Perhaps you have heard the story of the congregation who called a Pastor.  The people complained because every week he told people they were sinners and if they did not repent they would end up in Hell. The Pastor didn’t last long.  A new Pastor came and the people loved him. When asked what the new Pastor preached a member of the congregation answered, “He tells us that we are sinners and headed for Hell unless we change.” When asked why they liked the second Pastor when he was saying the same thing as the first, the answer was insightful.  “When the first Pastor told us we were headed for Hell it seemed like he was happy about it.”  “When the new Pastor says it we can tell that it breaks his heart.”

All throughout the Bible we are commanded to love.  Before Jesus died he said this,

A new command I give you. Love one another. As I have loved you, so you must love one another. By this all men will know that you are my disciples, if you love one another. [John 13:34-36]

Jesus gave this instruction as a command.  Love is not something that is anchored to our emotions; it is housed in our will. Gary Thomas has written an excellent book on marriage called Sacred Marriage.  He writes these insightful words,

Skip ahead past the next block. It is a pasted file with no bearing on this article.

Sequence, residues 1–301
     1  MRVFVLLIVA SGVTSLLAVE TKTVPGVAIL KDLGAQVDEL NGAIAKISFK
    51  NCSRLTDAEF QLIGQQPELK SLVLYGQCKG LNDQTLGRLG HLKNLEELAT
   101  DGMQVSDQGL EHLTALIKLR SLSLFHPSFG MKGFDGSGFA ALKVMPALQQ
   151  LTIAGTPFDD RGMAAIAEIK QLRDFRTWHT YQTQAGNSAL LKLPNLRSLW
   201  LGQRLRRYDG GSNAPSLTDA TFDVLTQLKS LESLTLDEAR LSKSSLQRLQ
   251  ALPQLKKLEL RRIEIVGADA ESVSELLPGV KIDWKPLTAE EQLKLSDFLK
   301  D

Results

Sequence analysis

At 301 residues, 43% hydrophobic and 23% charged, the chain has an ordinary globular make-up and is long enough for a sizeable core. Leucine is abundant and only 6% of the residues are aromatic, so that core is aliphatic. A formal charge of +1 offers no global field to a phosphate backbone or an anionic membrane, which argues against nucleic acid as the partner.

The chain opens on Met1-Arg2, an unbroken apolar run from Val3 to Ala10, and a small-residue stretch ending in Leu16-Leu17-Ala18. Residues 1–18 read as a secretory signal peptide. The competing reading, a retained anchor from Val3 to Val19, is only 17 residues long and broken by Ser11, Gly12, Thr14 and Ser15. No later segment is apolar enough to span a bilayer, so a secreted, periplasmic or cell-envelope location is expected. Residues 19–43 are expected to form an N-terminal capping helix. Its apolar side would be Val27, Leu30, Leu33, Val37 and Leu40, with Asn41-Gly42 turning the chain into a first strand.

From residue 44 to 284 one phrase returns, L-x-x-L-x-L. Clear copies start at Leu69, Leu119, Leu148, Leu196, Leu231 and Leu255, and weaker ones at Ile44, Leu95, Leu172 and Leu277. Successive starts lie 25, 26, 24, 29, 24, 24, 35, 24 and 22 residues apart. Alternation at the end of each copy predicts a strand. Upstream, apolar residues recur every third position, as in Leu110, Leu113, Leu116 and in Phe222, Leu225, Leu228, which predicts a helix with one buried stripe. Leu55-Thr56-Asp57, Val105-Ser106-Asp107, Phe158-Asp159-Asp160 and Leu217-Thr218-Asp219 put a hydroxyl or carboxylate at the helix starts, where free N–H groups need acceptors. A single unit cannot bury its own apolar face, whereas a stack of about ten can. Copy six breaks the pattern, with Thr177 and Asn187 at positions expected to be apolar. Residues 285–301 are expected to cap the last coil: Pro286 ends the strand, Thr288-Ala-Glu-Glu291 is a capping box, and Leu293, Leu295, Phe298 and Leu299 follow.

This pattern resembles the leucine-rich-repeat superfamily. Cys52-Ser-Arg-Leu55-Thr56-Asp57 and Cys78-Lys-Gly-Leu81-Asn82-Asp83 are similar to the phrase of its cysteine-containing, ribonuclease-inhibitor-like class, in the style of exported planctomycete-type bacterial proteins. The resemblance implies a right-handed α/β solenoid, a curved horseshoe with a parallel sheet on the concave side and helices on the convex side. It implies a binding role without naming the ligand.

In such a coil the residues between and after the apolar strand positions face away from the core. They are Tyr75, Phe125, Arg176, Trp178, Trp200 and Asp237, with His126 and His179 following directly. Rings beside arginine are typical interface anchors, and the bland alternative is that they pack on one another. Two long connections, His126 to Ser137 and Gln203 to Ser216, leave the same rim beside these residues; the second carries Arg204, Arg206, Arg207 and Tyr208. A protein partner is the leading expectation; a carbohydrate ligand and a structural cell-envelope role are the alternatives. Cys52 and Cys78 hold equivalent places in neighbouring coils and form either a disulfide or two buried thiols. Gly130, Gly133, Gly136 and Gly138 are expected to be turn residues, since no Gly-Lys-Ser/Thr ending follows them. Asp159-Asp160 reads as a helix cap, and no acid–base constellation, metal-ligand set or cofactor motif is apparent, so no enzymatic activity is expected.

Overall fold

One of the cruelest and most self-condemning remarks I’ve ever heard is the one that men often use when they leave their wives for another woman. “The truth is, I’ve never loved you.”  This is meant to be an attack on the wife – saying in effect, “The truth is, I’ve never found you lovable.” But put in a Christian context, it’s a confession of the man’s utter failure to be a Christian. If he hasn’t loved his wife, it is not his wife’s fault, but his. Jesus calls us to love even the unlovable—even our enemies!—so a man who says “I’ve never loved you” is a man who is saying essentially this: “I’ve never acted like a Christian”

Being a true follower of Christ means we must learn to love others.  The kind of love the Bible talks about is a decision, a mindset, and a way of looking at the world and at others.

Love is Patient – How We Respond to Others 

The question we must wrestle with is: What does it mean to love? In verses 4-7 Paul describes love in positive and negative terms. The first two descriptions are a good general description of love.  The first characteristic of love is that it is patient.  The Greek word used here is always used in the New Testament to describe patience with people rather than circumstances. It describes a person who is slow to anger. Someone has said, “Patience is letting your motor idle when you feel like stripping the gears.” Patience then is the way we respond to others.

Reasons to be Patient  There are a number of reasons for us to be patient.